The “Trapdoor” Springfield: From the Little Bighorn to San Juan Hill, by John Langellier, Osprey Publishing, Oxford, U.K., 2018, $20
In 1865 master armorer Erskine Allin of Massachusetts’ Springfield Armory proposed a simple means of improving on his firm’s .58-caliber Model 1861 percussion rifle musket without excessive rework or expense: “All that is necessary is to cut away the barrel on the top at the breech and add the block and shell extractor, cut the recess in the breech-screw and modify the hammer,” Allin wrote. “All other parts remain the same.” To a U.S. military just emerging from a devastating civil war to resume a relatively small-scale pursuit of “Manifest Destiny” in the Western frontier (or so it hoped), cheap and simple held immense appeal. So did the prospect of having a reliable breechloading long arm that could be loaded in any posture, without having to stand up to ram wad, powder and ball down the barrel. The result—popularly known as the “Trapdoor” Springfield, for the way its breechblock flipped up to eject the shell and take the next round—became the mainstay of the Army for more than 30 years, in both infantry rifle and cavalry carbine form. Its principal adversaries, of course, were the American Indians who “stood in the way” of civilization.
A longtime expert on U.S. military affairs during the Victorian and Edwardian era, John Langellier is in his element focusing volume No. 62 of Osprey’s Weapon series on one of the iconic firearms of its age. One might say the Trapdoor hit the ground running, as it was first fired in anger against Red Cloud’s Lakota warriors in 1866. The author traces its fortunes, as dictated by the men who fired it or those who traded shots with it, throughout the West to the first wars the United States fought overseas—in Cuba, Puerto Rico and the Philippines. By 1898 the Springfield—rugged, dependable and easy to maintain though it was—had been superseded by the Norwegians’ Krag-Jorgensen bolt-action rifle and outclassed by the Spaniards’ Mauser Model 1893. Yet it soldiered on with Volunteer and National Guard units before being phased out of military service and into the waiting arms of collectors.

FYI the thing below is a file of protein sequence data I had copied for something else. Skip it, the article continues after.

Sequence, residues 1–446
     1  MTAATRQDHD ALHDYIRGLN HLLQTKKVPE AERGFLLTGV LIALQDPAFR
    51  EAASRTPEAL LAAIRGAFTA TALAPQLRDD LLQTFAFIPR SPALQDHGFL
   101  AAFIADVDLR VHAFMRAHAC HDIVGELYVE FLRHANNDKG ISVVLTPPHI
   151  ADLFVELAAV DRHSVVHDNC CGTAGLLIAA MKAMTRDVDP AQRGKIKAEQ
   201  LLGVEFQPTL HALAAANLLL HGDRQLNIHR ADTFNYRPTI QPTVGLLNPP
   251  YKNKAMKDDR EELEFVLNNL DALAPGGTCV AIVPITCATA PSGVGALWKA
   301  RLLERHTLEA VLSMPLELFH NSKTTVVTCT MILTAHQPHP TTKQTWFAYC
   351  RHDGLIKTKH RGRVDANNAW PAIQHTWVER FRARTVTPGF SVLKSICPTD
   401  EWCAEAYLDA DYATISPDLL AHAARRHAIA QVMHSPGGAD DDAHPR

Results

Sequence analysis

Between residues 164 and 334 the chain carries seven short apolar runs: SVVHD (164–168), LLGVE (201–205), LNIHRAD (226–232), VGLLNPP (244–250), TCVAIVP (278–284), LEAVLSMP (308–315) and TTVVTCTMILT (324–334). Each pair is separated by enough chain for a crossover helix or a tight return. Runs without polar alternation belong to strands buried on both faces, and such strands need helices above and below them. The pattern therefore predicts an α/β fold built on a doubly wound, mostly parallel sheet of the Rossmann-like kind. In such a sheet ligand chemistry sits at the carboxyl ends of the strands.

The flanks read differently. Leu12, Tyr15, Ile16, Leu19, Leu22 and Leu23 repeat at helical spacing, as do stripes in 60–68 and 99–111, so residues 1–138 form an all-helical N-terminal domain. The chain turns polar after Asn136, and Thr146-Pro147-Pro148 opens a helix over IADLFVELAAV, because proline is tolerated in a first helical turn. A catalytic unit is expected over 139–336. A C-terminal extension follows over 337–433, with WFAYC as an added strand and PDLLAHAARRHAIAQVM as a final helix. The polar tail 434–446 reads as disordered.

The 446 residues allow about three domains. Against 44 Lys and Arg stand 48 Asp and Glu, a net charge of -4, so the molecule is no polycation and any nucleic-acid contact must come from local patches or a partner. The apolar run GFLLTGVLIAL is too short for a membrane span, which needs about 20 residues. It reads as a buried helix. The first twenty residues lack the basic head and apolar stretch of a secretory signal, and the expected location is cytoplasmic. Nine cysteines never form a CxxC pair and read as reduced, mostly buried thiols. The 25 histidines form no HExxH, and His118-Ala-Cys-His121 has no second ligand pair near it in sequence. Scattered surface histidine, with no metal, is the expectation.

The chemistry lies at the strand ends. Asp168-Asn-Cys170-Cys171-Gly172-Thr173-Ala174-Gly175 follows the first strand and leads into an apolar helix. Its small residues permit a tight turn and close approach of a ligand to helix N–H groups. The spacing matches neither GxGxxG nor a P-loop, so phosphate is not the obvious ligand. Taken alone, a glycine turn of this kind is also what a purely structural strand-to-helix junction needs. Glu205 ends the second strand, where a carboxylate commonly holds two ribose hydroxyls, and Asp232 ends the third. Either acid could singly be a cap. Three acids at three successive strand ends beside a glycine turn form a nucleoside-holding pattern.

Langellier evaluates the weapon over its career, comparing it to rival arms and debunking the oft-made claim it was responsible for the 1876 debacle at the Little Bighorn. He also debunks the accuracy rifles generally seem to display in Western films, noting Indians were not well versed in gun sights, especially when firing from a galloping horse, while soldiers on frontier duty had little opportunity to practice their marksmanship. They were allotted only so many cartridges, after which they had to obtain their own at a government rate of 25 cents each, which could add up on a private’s measly salary of $13 a month.
Accompanying the text is an interesting array of progressive variations on the Trapdoor theme, including one used by Oglala Lakota Chief Kicking Bear, who effectively repaired its fractured stock using rawhide and brass tacks. Technical illustrations by Alan Gilliland and artwork by Steve Noon round out a keeper for any Western firearm enthusiast.